E-commerce: Facebook launches the Business Suite application for SMEs

Technology: Facebook is continuing its strategy of developing e-commerce on its platforms, by designing new tools for businesses. Facebook is launching a new application for small businesses, allowing you to manage professional pages or profiles on both Facebook and Instagram.  Facebook Business Suite The tool is called "Facebook Business Suite". The platform explains that this app allows businesses to post to Facebook and Instagram at the same time, and manage and receive messages, notifications and alerts in one place. The interface will also measure engagement, visualizing the tool's metrics through an information tab on Facebook and Instagram.

"We first designed Facebook Business Suite for small businesses, but it's a long-term investment, and we hope to make it the primary interface for businesses of all sizes that use Facebook, Messenger, Instagram and WhatsApp," Facebook CEO Sheryl Sandberg said in a blog post yesterday. “Th…

Bankruptcy of Trader Zen Rock in Singapore upsets Swiss financiers and African oil companies

The sealing of the ZenRock trader's headquarters in Singapore on Friday caused fear among Swiss financial and African oil companies. Denounced by HSBC, who complains of “dishonest practices”, this trader joins a list of three companies suspected of fraud, including the legendary Hin Leong. Overdrafts amount to $ 5 billion for major banks, especially Swiss, the NGO Public Eye. Behind the bankers, the actors of the trade are on the teeth. Among the injured, the Geneva trader Totsa, the Singaporean branch of Crédit Agricole and the discreet Bank of Commerce and Investments (BCP).
 
Bankruptcy of Trader Zen Rock in Singapore upsets Swiss financiers and African oil companies

The bankruptcy of ZenRock, a trading company founded in 2014 in Singapore, with subsidiaries in China, the Emirates and Geneva (freshly inaugurated a year ago), and whose shareholders are known in the sector for moving around. A specially chartered flight and booking the best suites at the Armani Hotel in Dubai leaves a salty slate. The alert was given in late April when HSBC bank alerted the Singapore regulator (ACRA) about a "series of highly fraudulent transactions" on the part of ZenRock.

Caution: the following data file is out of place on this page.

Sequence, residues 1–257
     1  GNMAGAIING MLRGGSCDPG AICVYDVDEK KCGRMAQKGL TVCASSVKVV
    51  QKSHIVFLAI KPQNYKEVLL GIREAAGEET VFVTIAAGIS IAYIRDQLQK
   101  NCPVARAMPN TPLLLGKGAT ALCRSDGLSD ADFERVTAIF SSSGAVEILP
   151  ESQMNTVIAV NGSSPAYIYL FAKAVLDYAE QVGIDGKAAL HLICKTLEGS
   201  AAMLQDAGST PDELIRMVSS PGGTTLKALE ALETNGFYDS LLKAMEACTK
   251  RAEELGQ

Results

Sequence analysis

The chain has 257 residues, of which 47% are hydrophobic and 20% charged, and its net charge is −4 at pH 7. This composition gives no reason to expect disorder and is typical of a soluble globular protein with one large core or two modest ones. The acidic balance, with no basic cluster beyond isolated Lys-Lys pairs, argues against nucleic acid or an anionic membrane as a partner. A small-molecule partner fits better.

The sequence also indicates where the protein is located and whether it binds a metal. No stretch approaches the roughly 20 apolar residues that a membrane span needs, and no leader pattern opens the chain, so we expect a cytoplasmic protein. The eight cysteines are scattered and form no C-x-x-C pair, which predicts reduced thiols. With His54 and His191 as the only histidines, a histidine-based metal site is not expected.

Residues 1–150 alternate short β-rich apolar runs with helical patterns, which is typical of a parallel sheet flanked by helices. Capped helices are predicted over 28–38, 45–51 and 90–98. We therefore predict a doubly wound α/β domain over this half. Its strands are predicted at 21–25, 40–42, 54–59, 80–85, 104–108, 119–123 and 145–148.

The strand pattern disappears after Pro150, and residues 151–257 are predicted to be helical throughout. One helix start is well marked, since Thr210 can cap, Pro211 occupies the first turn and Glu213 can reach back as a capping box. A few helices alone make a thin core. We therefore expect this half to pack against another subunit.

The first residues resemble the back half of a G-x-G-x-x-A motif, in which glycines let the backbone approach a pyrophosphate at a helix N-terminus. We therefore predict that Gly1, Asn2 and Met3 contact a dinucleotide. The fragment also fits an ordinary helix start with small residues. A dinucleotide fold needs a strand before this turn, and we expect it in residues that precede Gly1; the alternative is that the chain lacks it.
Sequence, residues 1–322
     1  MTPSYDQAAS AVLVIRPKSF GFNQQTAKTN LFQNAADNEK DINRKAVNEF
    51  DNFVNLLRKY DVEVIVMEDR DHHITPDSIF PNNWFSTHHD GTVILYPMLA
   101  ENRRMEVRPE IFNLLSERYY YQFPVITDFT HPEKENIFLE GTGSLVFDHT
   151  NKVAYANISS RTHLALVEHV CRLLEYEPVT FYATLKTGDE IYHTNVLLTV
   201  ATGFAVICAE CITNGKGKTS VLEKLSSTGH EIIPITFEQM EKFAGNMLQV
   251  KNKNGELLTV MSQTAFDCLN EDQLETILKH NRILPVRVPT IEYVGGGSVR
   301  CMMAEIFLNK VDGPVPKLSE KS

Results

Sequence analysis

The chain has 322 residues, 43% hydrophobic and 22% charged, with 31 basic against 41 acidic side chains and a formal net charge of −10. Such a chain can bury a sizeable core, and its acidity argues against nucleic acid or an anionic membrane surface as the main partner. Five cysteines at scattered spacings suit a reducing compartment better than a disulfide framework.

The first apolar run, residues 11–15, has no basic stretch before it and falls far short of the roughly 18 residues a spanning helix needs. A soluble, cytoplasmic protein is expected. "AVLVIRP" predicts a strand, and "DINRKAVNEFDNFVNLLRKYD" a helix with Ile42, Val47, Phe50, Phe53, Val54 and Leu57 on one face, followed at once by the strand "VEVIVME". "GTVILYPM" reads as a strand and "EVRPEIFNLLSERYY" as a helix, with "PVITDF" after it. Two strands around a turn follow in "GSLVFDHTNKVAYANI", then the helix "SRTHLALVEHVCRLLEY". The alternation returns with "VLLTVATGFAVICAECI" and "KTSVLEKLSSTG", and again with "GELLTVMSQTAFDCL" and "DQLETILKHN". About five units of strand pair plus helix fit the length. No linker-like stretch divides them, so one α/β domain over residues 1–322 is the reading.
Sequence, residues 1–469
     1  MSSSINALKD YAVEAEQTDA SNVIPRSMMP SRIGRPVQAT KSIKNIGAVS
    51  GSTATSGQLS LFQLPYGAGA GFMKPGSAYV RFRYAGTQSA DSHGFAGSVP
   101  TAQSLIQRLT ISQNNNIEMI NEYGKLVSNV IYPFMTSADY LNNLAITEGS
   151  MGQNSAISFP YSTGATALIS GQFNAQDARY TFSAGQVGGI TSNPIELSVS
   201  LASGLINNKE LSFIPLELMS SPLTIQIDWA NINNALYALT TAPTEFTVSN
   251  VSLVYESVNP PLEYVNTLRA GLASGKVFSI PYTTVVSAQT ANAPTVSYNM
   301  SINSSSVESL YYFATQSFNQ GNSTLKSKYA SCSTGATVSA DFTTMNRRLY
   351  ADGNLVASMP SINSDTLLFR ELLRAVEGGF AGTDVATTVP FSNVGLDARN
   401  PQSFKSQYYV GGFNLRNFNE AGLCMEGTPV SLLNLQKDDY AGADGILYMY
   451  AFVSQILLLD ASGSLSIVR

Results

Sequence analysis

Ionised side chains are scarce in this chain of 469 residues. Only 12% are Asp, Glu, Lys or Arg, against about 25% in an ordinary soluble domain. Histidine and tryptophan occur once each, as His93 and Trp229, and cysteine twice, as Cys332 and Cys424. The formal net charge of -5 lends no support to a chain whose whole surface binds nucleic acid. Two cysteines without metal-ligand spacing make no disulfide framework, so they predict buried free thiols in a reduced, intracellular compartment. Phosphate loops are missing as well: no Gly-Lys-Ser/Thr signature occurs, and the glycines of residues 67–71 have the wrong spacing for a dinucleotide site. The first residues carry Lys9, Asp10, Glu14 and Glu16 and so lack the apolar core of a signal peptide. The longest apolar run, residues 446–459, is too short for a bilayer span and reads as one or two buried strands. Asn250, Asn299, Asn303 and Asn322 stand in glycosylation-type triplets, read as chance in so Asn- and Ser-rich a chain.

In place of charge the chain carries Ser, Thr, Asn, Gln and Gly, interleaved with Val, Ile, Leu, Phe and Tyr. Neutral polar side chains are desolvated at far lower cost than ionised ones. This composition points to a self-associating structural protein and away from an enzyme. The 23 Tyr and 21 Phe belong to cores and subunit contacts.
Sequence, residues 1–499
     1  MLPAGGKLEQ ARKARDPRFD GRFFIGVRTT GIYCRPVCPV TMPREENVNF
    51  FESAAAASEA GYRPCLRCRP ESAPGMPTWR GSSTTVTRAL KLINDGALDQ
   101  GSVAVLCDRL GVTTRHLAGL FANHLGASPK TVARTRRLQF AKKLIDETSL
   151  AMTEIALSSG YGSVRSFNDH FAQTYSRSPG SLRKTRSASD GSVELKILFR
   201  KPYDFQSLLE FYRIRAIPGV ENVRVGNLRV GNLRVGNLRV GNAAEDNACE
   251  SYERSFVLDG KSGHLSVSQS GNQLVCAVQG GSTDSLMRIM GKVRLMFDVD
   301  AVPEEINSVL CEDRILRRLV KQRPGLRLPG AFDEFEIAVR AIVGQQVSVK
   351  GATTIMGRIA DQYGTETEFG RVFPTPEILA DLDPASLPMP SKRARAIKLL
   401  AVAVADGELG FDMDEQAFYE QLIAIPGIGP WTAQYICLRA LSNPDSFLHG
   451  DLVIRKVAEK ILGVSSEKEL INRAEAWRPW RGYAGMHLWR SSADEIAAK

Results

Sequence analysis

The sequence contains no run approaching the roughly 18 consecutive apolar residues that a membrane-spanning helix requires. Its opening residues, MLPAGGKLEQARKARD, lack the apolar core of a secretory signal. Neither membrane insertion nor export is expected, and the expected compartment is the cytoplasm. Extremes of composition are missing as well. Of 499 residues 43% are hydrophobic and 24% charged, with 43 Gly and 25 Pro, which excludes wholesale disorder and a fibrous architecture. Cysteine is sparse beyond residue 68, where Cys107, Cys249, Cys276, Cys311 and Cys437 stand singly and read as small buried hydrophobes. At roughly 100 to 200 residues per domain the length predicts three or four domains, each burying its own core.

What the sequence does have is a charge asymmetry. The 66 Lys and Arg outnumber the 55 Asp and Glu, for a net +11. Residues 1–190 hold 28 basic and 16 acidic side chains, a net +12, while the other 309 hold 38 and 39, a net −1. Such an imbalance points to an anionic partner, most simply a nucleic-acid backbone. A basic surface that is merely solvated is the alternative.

The bank is calling for the appointment of an independent third party to settle the restructuring. On May 6, the trader formally requests judicial protection measures against his creditors. Besides HSBC, exposed to the tune of $ 51 million, BCP is also sucked into the Singapore bankruptcy. The only bank authorized under Obama to transact with Iran had loaned ZenRock $ 19.2 million, an amount that matured on April 27 and was left unpaid, according to the affidavit ( affidavit) of ZenRock's patron to the Singapore High Court of Justice, dated May 6, which Public Eye published during the month of May.

ZenRock’s slate with Crédit Agricole could amount to $ 23.7 million if the group does not meet its obligations by June 5. Furthermore, it should be noted that if ZenRock is drowned, it is because its traders practiced what is considered "a national sport" on the Chinese market, namely to obtain several financings for a single cargo of raw materials. The operation recalls certain scams such as the Ponzi scheme. "I find it very difficult to understand how the banks could have accepted this," sums up a Geneva lawyer specialized in the field. In principle, Bills of Lading (bills of lading, title deeds, editor's note) are endorsed in the name of a single bank. Many people do not understand how it works. "




This situation embarrasses the governments of several oil-producing countries which collaborate with traders who use the Singapore financial platform for investments. According to the information in our possession, the Swiss and Singaporean trading companies buy a considerable part of the oil from the continent. Payments from traders 'firms generate a significant share of these countries' revenues, some of which are among the poorest on the planet. These payments also present significant governance risks since they are made in contexts characterized by weak institutions and rampant corruption. But so far and despite their importance, these transactions have escaped all surveillance, following the little transparent practices adopted by companies like ZenRock and the weak regulations.

Today, when everything comes to light due to the bankruptcy of ZenRock, we realize the opacity that has always surrounded the sale and marketing of oil from African countries like the Congo.

Like all African oil producing countries, the Congo’s economy is highly dependent on the oil sector, which accounts for 80% of state revenues. The national oil company, the Société Nationale des Pétroles du Congo (SNPC), is responsible for marketing large volumes, which amounted to 151,000 barrels per day until the upturn and 126,000 in 2012 and 2014. The company has to its credit episodes of financial mismanagement and embezzlement of public funds.
 



For example, in 2005, proceedings in the United Kingdom revealed that the SNPC was selling oil through a network of offshore companies controlled by Congolese officials. The shell companies were created to keep oil revenues out of the reach of many state creditors, with part of the profit also being siphoned off by the officials who ran them. Glencore, Vitol and Zenrock bought oil from these offshore companies. The ZenRock affair brought down the house of cards, raising concerns among Swiss bankers and African political and oil circles.